Knowledge Base

Why Frost is So Detrimental for Plants and How to Protect Your Garden in Winter

Frost is a bugbear for many gardeners. Every year, as winter approaches, gardeners must take extra steps to protect their precious plants from frost to ensure they stay alive in the spring and summer months.

If you’re worried about the health of your plants as winter comes around, there are helpful strategies you can use to maintain your garden throughout the cold weather. In this article, we’re going to cover why frost is so detrimental to various plant species and how you can protect your garden this winter to create a garden you can use all year around.

Why is Frost Detrimental for Plant Health?

Winter frost can be a significant problem for plants and can be stressful to deal with as a passionate gardener. Although some plants are frost-resistant, a large proportion of plant species are prone to frost damage, which can stunt growth and even cause plant death in severe cases.

Frost causes ice crystals to form inside the plant’s cells, reducing their ability to function and causing potentially irreversible damage. These ice crystals can create a high level of pressure inside the plant cells, causing them to rupture.

Ice formation inside plants can also prevent them from absorbing and transporting water and nutrients to their cells. Dehydration and a lack of nutrients can cause the plant to stop photosynthesis, stop growing, and eventually die.

How to Protect Your Plants from Frost Damage

Before you start panicking that your favorite plants are going to succumb to frost damage this winter, keep reading! There are plenty of plant frost protection strategies that you can follow to ensure your garden remains plush and full of life during the cold winter months.

Fill your garden with frost-protective plants

Choosing plants that have natural frost-resistant properties is a clear and effective way to prevent your garden from experiencing frost damage. It’s a proactive step that can save you a lot of time and worry further down the line when winter approaches.

Frost-resistant plants have developed handy defense mechanisms that protect them from the damaging effects of frost. The exact protection mechanisms depend on the species of plant and its properties. For example, some plants have developed altered plant cell structures to prevent or reduce ice crystal formation, while others release antifreeze proteins that keep frost at bay.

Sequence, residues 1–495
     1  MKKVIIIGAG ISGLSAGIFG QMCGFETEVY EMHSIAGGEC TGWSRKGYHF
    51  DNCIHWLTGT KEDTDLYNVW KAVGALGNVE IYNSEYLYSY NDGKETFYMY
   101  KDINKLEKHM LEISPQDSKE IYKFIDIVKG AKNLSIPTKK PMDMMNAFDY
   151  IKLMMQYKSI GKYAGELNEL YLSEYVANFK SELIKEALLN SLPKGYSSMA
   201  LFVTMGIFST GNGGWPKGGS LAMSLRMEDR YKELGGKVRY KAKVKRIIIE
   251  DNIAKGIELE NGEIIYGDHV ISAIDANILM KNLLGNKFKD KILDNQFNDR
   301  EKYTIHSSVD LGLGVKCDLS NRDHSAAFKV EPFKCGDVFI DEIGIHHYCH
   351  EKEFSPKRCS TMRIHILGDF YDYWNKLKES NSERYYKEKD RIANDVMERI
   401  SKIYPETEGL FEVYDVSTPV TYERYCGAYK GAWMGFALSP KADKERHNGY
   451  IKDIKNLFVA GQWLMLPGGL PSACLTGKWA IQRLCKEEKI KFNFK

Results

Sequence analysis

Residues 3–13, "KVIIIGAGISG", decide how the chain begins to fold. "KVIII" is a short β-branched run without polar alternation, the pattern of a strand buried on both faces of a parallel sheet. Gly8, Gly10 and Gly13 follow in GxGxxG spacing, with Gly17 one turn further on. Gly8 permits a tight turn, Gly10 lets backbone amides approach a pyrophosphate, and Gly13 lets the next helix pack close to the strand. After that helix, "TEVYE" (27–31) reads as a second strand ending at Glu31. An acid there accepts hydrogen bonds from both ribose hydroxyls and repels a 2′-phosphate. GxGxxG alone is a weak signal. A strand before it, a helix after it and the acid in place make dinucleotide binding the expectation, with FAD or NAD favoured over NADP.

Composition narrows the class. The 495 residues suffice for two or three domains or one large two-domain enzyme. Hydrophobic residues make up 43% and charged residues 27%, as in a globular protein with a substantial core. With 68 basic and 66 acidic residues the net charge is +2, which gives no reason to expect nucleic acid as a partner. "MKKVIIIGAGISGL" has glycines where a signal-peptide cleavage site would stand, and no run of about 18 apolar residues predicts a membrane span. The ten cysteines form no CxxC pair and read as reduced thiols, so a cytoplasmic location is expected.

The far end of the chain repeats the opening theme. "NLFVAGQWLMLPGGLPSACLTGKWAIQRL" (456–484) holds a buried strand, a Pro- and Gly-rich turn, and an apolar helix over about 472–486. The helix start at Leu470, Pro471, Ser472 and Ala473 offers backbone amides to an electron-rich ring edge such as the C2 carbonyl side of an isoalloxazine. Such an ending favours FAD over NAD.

Apply mulch to your plants

Mulching refers to the process of adding mulch to the base of your plants where the stem meets the soil. You can purchase mulch from most plant stores, and it’s relatively affordable. Mulching can be particularly beneficial for perennial plants.

Mulch enriches the soil and helps to maintain the optimal temperature for your plants to grow and thrive. It effectively provides a protective barrier that ensures the soil is insulating for your plants during cold winter months.

Cover your plants with a frost blanket or sheet

As obvious as it might sound, covering plants with a sheet is a step that many gardeners forget to take. A frost blanket is a simple but highly effective way to keep your plants and protect them from cold winds.

A frost blanket provides an insulating layer above your plants to prevent frost build-up and prevent your plants from coming into direct contact with frost. Use a blanket overnight and remove it during the day so your plants can still access direct sunlight and complete photosynthesis.

Feed and water your plants daily

Feeding and watering your plants is essential every single day of the year in order to keep them strong and healthy, and encourage continuous growth. However, it becomes especially important during winter. Keeping your plants healthy helps them build resilience against frost and reduces the risk and impacts of frost damage.

Add fertilizer to the soil underneath your plants, remove weeds and dead plant material from your garden, and water your plants every day. Avoid growing competitive plants next to each other, and pay attention to the direction of sunlight in your garden to ensure all of your plants receive adequate sunlight during the day.

Although these are basic gardening practices that you may already know about and probably already do every day anyway, it’s important to remind yourself of these practices during cold winters when your plants are particularly vulnerable to frost damage and death.